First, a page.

Hello, I’m Greg Curvall, Senior Portfolio Manager with Fifth Third Bank.
U.S. equities rose last week, making new all-time highs, with the Dow breaking 34,000 for the first time on the back of better-than-expected economic data and a solid start to the corporate earnings season. The yield on the 10-year Treasury fell 7 basis points, ending the week at 1.59%.
The Covid vaccination rollout continues to exceed expectations. The White House said Friday that the U.S. has administered 200 million doses of Covid-19 vaccines, with more than 3 million doses a day being administered. There have been some setbacks however. The U.S. paused the use of the Johnson & Johnson one-dose vaccine as health regulators investigate reports of dangerous blood clots.
Banks and other financial stocks kicked off earnings season last week, with big financials mostly reporting solid gains. Banks have strongly benefited from a steeping yield curve as interest rates on longer-maturity debt has gone up in recent months while the Fed keeps short-term rates anchored near zero.
Economic data was positive across the board last week. U.S. small business optimism rose in March to a four-month high as business owners anticipated stronger sales and more expansion opportunities.
The employment landscape continues to improve as well. Weekly unemployment claims dropped to a new pandemic low of 576,000. Retail sales, a reliable measure of economic activity, surged nearly 10% in March, the second largest increase going back to 1992 and much better than anticipated. This is an important indicator because consumer spending drives 70% of U.S. GDP. Clearly many of the government stimulus checks are being put to use.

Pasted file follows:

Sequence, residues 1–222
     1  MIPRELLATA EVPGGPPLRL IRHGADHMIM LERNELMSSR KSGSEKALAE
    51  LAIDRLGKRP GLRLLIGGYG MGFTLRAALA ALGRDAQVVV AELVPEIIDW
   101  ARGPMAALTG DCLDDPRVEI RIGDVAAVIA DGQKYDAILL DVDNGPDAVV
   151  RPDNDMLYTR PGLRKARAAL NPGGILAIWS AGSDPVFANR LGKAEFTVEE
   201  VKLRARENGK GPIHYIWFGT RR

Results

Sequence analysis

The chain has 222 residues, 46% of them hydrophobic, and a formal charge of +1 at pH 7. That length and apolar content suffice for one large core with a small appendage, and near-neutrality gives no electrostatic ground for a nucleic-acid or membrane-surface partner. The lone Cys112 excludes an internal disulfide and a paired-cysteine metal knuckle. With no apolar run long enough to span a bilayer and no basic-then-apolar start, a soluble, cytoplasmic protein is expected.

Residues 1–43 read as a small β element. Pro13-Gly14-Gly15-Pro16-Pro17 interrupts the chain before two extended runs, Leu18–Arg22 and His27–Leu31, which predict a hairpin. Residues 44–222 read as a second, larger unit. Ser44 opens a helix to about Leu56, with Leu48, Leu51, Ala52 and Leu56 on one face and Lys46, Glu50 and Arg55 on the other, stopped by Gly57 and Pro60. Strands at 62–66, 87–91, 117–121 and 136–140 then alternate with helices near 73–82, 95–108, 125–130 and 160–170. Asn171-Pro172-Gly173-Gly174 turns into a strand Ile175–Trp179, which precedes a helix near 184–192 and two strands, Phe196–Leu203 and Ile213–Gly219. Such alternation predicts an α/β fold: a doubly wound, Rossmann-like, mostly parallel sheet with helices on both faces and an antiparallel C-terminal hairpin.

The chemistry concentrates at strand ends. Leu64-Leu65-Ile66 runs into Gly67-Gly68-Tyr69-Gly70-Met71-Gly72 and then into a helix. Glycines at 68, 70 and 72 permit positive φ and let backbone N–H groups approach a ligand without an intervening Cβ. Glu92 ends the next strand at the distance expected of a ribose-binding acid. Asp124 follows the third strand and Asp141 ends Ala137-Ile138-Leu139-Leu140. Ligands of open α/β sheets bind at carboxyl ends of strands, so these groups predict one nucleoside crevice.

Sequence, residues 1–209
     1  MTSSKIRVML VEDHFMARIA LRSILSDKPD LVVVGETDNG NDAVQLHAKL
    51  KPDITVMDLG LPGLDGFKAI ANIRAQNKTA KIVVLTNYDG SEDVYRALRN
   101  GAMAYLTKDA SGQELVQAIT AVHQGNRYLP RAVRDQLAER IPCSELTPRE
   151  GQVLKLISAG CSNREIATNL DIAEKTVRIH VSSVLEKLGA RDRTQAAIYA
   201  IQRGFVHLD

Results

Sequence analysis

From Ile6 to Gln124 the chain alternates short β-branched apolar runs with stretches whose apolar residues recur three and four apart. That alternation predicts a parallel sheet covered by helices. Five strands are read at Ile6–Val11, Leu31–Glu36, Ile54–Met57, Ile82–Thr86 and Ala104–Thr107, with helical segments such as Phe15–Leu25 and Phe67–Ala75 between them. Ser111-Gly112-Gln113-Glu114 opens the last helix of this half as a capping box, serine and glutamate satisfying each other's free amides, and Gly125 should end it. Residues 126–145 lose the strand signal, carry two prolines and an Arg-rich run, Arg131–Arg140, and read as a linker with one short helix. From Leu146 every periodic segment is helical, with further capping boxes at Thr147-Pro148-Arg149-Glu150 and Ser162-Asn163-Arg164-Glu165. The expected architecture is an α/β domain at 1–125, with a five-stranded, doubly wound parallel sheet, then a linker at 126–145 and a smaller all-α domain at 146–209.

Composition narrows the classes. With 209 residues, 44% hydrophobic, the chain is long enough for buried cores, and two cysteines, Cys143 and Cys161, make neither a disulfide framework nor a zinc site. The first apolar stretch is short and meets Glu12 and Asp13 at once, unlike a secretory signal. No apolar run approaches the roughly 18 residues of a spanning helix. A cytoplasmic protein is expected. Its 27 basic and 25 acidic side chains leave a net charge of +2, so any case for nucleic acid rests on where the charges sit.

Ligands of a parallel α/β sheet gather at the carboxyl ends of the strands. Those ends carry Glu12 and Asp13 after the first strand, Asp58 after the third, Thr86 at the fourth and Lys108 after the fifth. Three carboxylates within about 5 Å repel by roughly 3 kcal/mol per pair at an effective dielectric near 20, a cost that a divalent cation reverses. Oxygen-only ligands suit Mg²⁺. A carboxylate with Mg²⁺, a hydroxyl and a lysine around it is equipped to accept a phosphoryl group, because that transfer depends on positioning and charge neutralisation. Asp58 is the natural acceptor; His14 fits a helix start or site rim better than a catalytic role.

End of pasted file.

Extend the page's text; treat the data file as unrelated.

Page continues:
U.S. consumer prices, a measure of inflation, accelerated in March amid a rebound in travel and commuting, rising 0.6% from a month earlier, and 2.6% year-over-year.
The U.S. housing market remains tight as housing supply has been limited. However, housing starts rebounded sharply last month, the biggest increase since 2006 after severe winter weather set back residential construction in February. Applications to build houses, a proxy for future construction, also surged.
Looking outside the U.S. economy, Chinese GDP surged 18% year-over-year in the first quarter, as consumer spending rose ahead of expectations. Notably, the figure was a comparison to a year ago when large parts of China's economy were shut down due to COVID-19.
In the week ahead, around 80 S&P 500 companies report first quarter earnings as earnings season heats up, though the economic calendar is much lighter than normal. U.S. existing home sales are expected to ease, though remain robust, in March. Housing inventory remains tight and borrowing costs have been edging higher, making home ownership more expensive. This week we'll also get leading economic indicators as well as new home sales and preliminary April purchasing managers indexes (or PMIs).
As always, will be watching and reporting back to you next week. Thank you.